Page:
I call Donald Trump an idiot just about every day and it never makes national news. But when a member of Trump's administration calls Trump an idiot, well, that's another story. According to a report by BuzzFeed News, National Security Advisor H.R. McMaster recently attended a private dinner with Safra Catz, the CEO of tech company Oracle. Five anonymous sources (four of which say they heard about it from Catz firsthand) told BuzzFeed News that McMaster called Trump an "idiot," a "dope," and "someone with the intelligence of kindergartener" during the dinner. Look, we all vent about our bosses sometimes. Imagine if your boss was Donald Trump... it would be extremely hard to stop yourself from complaining about him, don't you think? TBH, I don't blame McMaster for calling Trump an idiot... although I do blame him for supporting the Trump administration, especially since he clearly isn't a huge fan. QUIT. YOUR. JOB. BRO. Anyway, both the Trump administration and Oracle have already denied the claims. Something I imagine they'd both do whether or not the remarks were true. "Actual participants in the dinner deny that General McMaster made any of the comments attributed to him by anonymous sources," Michael Anton, a spokesman for the National Security Council, told BuzzFeed News. "Those false comments represent the diametric opposite of General McMaster's actual views." Ken Glueck, the Oracle senior VP for government affairs, also said the story was untrue. "None of the statements attributed to General McMaster were said," he told the outlet, adding that Catz agrees with him. Catz probably has her own opinions of Trump, considering she served on his transition team following the election. She was also considered for several posts in the Trump administration, though she was never given one. It's safe to say that when Trump inevitably fires H.R. McMaster, Catz will not be considered as his replacement.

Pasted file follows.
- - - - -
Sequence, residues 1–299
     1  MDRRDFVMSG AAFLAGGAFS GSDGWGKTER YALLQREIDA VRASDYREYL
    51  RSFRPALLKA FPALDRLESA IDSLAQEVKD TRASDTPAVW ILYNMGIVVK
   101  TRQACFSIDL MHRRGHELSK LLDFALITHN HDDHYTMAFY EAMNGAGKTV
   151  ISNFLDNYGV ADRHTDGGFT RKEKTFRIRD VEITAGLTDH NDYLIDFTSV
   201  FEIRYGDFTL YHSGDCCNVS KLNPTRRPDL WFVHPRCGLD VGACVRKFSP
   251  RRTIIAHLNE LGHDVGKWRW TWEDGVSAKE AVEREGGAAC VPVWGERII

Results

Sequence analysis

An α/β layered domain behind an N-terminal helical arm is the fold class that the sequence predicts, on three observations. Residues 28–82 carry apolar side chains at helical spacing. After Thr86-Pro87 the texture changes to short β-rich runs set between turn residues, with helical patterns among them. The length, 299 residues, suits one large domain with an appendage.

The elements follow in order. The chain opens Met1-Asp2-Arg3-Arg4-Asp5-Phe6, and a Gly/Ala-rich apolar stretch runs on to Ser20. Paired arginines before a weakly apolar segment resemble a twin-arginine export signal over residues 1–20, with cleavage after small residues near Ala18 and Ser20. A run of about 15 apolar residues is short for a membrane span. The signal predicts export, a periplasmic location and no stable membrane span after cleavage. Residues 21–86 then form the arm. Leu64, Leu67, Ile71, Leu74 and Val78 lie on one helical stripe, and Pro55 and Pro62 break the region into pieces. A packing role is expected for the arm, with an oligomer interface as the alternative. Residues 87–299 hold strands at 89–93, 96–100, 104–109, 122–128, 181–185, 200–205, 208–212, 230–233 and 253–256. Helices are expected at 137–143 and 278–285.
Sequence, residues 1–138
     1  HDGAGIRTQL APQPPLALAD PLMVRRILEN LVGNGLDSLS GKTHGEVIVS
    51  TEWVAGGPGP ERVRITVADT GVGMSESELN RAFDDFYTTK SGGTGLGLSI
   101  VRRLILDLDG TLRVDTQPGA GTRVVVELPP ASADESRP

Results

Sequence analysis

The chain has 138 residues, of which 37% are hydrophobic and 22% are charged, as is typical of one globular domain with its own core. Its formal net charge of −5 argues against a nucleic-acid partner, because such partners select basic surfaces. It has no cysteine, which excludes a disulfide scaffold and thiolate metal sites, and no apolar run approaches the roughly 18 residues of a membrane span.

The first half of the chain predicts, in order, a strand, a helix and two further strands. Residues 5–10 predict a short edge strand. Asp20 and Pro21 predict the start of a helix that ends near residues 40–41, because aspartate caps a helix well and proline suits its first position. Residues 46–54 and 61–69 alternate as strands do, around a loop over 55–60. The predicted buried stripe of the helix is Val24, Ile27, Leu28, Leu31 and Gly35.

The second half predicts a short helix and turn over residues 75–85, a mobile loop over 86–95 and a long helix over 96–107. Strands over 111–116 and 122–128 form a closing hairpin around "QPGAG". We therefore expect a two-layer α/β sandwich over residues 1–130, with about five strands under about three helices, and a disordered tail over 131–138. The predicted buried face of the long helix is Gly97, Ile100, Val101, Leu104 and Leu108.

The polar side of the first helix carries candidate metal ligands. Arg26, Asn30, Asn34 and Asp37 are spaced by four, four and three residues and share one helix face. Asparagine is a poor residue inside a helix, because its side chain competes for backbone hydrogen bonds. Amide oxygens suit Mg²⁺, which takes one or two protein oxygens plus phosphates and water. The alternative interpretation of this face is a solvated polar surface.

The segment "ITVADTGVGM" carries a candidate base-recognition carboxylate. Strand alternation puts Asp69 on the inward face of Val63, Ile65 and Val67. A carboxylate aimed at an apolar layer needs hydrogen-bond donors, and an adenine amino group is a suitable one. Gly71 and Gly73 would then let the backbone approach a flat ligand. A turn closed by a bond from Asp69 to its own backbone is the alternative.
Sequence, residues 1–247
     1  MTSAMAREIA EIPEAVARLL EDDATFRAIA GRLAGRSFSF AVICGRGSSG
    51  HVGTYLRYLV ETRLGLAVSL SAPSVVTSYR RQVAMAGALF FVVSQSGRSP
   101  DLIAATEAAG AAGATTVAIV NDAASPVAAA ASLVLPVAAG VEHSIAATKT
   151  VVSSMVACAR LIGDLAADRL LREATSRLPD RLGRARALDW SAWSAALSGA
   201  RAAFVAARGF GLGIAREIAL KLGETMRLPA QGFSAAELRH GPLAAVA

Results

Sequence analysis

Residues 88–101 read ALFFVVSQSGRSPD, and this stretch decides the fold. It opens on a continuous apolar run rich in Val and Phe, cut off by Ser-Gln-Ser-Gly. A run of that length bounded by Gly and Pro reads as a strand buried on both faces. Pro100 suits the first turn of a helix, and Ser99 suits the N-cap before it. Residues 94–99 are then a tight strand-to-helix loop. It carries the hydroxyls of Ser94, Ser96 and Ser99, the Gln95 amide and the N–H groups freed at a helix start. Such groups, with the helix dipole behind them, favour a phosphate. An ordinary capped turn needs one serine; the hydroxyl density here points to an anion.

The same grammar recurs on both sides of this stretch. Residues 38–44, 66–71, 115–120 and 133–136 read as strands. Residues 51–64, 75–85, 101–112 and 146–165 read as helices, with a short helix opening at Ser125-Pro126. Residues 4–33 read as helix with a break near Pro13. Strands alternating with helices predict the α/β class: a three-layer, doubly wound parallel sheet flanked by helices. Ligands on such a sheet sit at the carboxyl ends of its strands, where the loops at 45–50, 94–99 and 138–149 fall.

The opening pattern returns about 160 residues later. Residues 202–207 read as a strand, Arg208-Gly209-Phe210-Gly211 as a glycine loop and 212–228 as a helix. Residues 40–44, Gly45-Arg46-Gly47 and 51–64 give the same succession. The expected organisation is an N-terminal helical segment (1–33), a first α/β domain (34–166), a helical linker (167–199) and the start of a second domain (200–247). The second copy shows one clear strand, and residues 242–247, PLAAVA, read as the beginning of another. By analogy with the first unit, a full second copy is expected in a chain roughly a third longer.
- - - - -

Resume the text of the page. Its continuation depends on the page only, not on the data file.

Hey! It's Sunday, instead of writing this blog I should be listening to this...
Naaaaa. Maybe not. So, I've never been arrested, but if I was I hope I'm not wearing this t-shirt...
By the way, I would also take my son who is into the Civil War and shit. So, remember those Fidget Spinners were so popular last summer? Are they still popular? Anyway, there's one that is out that I think church's are selling...
Hahahahaha. Okay, so, one of the best things about the Internet is you can look at porn easily... and free. One of the hardest thing about having a blog is people might find it boring and switch over to a porn site. So, I thought what if I showed a porn pic here and then you didn't have to switch over. The problem with that is that you might be at work and I wouldn't wanna get you in trouble. So, I have a solution...
Ta-da! So, the other day I was supposed to Google "Chris Pratt" and instead I Googled "Christ Pratt" and this is what I got...
Some people are just the worse...
Hahahahaha. I like to follow the rules but some people just take it a little bit too far...
Hahaha. I actually did that before. Ever go to a restaurant or bar and see a tip jar? Some places get really funny with them...
Ever go to a place and look up wifi and see some funny names?